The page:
Aha! I am back amongst you!
However, I am in such bad humour about so many things today, that it’s hard to know quite where to start.
I will begin with Harvest Festival because I attended the Harvest service at Boy the Younger’s school today. As we went in, I said to my friend “what do you think the chances are of us singing ‘We plough the fields and scatter’ or ‘Come ye thankful people come’.? “Zero,” she said, laughing.
Well it was worse than zero. I realise that in some aspects of life, I am an unspeakable old fuddy-duddy, but why does everything that involves children have to be turned into an entertainment? In a moment of desperation, I fed my programme to the beaming baby in the pew in front so I am unable to delight you with the nauseating detail of the ‘service’.
The children sang several feeble pop songs with the word ‘Jesus’ in them, most of which had stupid actions with which the parents were encouraged to join in. When we were asked to clap our hand to our heart, I’m sorry to tell you that I quietly intoned “I pledge allegiance to the United States of America…” followed by a hand-jive, which had the parents on the row behind dissolving into nervous giggles.
Then there was a really good bit where it all stopped and young and delightfully handsome young man from the nearby CARE village stood up and thanked us all for the donations of food which would be given to the residents.
After this, the Reverend Blodwyn stood up and began the ‘It’s behind you’ section of the service where all the children were encouraged to shout out stuff about vegetables, after which she delivered a lecture about the environment. Just in case the children hadn’t worked out what rain was, she put up a handy Powerpoint presentation with a character from a ‘Peanuts’ cartoon in which the character gets rained on. Ha bloody ha.
There is absolutely no need for church to be boring. A good minister can deliver a sermon which will not only uplift and encourage, but will leave the congregation with something to think about for the rest of the week. Hymns can be joyful and spirit raising, a reading in the hands of a decent reader is a lovely thing to listen to.
But Church, among many other things, is one really good opportunity to teach your children that there are times in life when they have to be quiet and behave with decorum. There is an unending stream of complaints about how children can never sit still, can’t concentrate, can’t keep quiet.
A large part of the problem is that children are not taught to be quiet and behave with decorum. Everything they do has to be entertaining. Well life isn’t always entertaining, in fact, quite large chunks of life can be a bit boring and require us to keep our gobs shut when we’d rather not. Sometimes we have to be quiet for the comfort of others.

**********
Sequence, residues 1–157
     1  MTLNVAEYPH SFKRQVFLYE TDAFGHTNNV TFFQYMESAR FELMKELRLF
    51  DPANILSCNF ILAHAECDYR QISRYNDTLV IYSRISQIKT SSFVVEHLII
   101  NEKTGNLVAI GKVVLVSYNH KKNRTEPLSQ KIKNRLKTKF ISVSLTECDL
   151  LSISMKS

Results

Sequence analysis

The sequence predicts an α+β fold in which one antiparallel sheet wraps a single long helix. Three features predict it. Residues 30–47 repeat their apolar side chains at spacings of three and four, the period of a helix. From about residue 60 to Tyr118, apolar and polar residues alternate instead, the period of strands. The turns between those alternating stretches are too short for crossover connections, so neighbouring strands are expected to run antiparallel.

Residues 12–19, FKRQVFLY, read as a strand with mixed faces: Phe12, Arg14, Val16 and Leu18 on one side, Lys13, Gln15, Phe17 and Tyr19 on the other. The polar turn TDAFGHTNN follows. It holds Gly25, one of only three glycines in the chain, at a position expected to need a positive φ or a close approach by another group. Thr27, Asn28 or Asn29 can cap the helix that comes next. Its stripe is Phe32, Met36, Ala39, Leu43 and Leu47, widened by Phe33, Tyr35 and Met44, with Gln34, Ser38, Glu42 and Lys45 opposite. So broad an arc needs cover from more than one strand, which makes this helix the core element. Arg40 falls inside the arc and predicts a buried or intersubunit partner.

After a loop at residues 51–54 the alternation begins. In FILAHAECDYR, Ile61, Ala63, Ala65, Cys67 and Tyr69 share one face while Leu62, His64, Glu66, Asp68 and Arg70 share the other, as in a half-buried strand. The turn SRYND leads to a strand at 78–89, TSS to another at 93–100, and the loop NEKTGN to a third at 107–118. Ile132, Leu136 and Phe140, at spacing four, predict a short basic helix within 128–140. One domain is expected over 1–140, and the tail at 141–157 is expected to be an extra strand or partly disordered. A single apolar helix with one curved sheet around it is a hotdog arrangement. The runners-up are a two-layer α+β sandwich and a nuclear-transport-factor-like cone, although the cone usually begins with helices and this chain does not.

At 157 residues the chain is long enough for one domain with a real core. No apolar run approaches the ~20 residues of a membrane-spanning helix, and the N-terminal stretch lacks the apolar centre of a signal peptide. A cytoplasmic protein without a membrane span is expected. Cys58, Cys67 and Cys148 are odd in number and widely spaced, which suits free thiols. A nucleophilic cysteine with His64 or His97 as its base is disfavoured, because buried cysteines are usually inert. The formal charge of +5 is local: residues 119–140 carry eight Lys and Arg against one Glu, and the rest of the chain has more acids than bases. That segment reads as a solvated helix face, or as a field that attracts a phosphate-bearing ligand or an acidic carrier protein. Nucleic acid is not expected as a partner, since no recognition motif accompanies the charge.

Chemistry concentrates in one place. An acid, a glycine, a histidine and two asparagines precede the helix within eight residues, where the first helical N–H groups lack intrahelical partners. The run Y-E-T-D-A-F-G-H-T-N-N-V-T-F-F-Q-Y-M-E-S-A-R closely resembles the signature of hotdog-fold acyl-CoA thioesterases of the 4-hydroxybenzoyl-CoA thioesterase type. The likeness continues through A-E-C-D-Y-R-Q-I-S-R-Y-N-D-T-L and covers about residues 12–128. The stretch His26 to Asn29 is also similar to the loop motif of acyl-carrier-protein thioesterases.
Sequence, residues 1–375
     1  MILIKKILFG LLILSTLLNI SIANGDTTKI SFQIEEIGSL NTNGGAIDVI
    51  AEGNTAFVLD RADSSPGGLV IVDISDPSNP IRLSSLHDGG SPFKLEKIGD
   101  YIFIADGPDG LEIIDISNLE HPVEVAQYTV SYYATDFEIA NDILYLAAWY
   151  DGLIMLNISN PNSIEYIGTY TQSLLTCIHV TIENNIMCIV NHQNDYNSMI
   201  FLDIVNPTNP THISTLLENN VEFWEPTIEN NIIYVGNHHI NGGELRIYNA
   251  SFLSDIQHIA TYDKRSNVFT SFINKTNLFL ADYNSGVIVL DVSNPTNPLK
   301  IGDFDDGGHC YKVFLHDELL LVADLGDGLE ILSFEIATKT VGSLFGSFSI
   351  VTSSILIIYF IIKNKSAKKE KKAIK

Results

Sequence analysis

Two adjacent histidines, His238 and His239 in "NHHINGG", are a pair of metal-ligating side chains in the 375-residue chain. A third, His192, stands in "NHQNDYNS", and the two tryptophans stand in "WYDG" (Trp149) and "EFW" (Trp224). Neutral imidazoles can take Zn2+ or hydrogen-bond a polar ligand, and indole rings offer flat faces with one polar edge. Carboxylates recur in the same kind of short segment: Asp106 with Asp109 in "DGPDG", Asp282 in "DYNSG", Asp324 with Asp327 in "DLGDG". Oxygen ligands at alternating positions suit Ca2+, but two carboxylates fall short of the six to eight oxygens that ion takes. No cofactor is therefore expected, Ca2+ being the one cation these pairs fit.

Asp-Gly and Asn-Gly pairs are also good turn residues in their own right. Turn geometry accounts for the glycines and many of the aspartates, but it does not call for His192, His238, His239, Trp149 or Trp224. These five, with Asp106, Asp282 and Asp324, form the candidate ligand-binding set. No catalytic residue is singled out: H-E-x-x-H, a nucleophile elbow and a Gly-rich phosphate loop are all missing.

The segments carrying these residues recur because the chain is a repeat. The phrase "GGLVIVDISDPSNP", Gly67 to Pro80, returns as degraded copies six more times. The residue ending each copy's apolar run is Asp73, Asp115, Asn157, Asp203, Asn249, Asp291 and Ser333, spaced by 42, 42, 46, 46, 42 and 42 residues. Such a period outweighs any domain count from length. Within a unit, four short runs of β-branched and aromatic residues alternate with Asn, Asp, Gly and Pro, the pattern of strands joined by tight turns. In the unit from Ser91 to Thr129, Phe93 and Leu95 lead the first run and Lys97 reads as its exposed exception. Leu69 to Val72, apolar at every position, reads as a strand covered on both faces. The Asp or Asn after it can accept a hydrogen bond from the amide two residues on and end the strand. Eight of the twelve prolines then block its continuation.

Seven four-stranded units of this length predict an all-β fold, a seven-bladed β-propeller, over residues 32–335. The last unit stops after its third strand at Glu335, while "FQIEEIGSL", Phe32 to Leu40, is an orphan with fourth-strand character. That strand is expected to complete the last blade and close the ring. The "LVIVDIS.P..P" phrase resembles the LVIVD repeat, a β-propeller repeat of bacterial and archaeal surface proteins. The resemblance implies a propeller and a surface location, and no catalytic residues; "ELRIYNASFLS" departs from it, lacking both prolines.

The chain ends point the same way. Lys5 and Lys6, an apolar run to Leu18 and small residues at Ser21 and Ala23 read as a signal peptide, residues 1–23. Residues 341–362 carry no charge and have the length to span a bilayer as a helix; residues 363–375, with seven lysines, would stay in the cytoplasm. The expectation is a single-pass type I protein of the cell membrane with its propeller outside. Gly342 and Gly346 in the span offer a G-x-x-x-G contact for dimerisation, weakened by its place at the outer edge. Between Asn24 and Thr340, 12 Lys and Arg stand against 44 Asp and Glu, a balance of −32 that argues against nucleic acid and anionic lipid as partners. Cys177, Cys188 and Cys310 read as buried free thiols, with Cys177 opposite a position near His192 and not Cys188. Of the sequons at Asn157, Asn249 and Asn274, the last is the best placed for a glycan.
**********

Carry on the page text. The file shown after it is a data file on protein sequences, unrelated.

Children need to be taught that there are times to have fun and times to be quiet and still. How can they learn to think and reason if their minds are being swamped with a constant and unrelenting cacophony of sounds and sights and ‘stimulation’? How can they learn to appreciate the small and simple things with which they’re surrounded if they never have a moment’s peace in which to do it?
I love Harvest Festival; whatever one’s spiritual pathway, it is completely reasonable to be grateful that we have enough food and that we still have farmers out there producing it. It is a gratifying experience to share some of that produce with those who have less than us. I personally thanked the farmers in the next pew for growing our milk. They did the narrowed eyes thing and left.
When I was at school, the Harvest service was a beautiful thing. The girls doing cookery baked fabulous loaves to look like sheaves of corn, flowers graced every windowsill and the joyful Harvest hymns rocked the rafters as the organ thundered and the choir sang descants that could have lifted the tiles off the roof.
The last ‘hymn’ was called ‘Harvest Hoe Down’ accompanied by a tinny recorded sound track and a bazooka solo from some invisible children – I don’t need to draw you a picture of how awful that was. I left Boy the Younger’s service with my teeth ground down to powder. I accosted a teacher in the playground and pleaded that, just once before I BTY leaves, could we sing ‘We plough the fields and scatter’? Just once. “Why?” she answered.
It all makes ‘Cauliflowers fluffy…’ seem positively Wesleyan.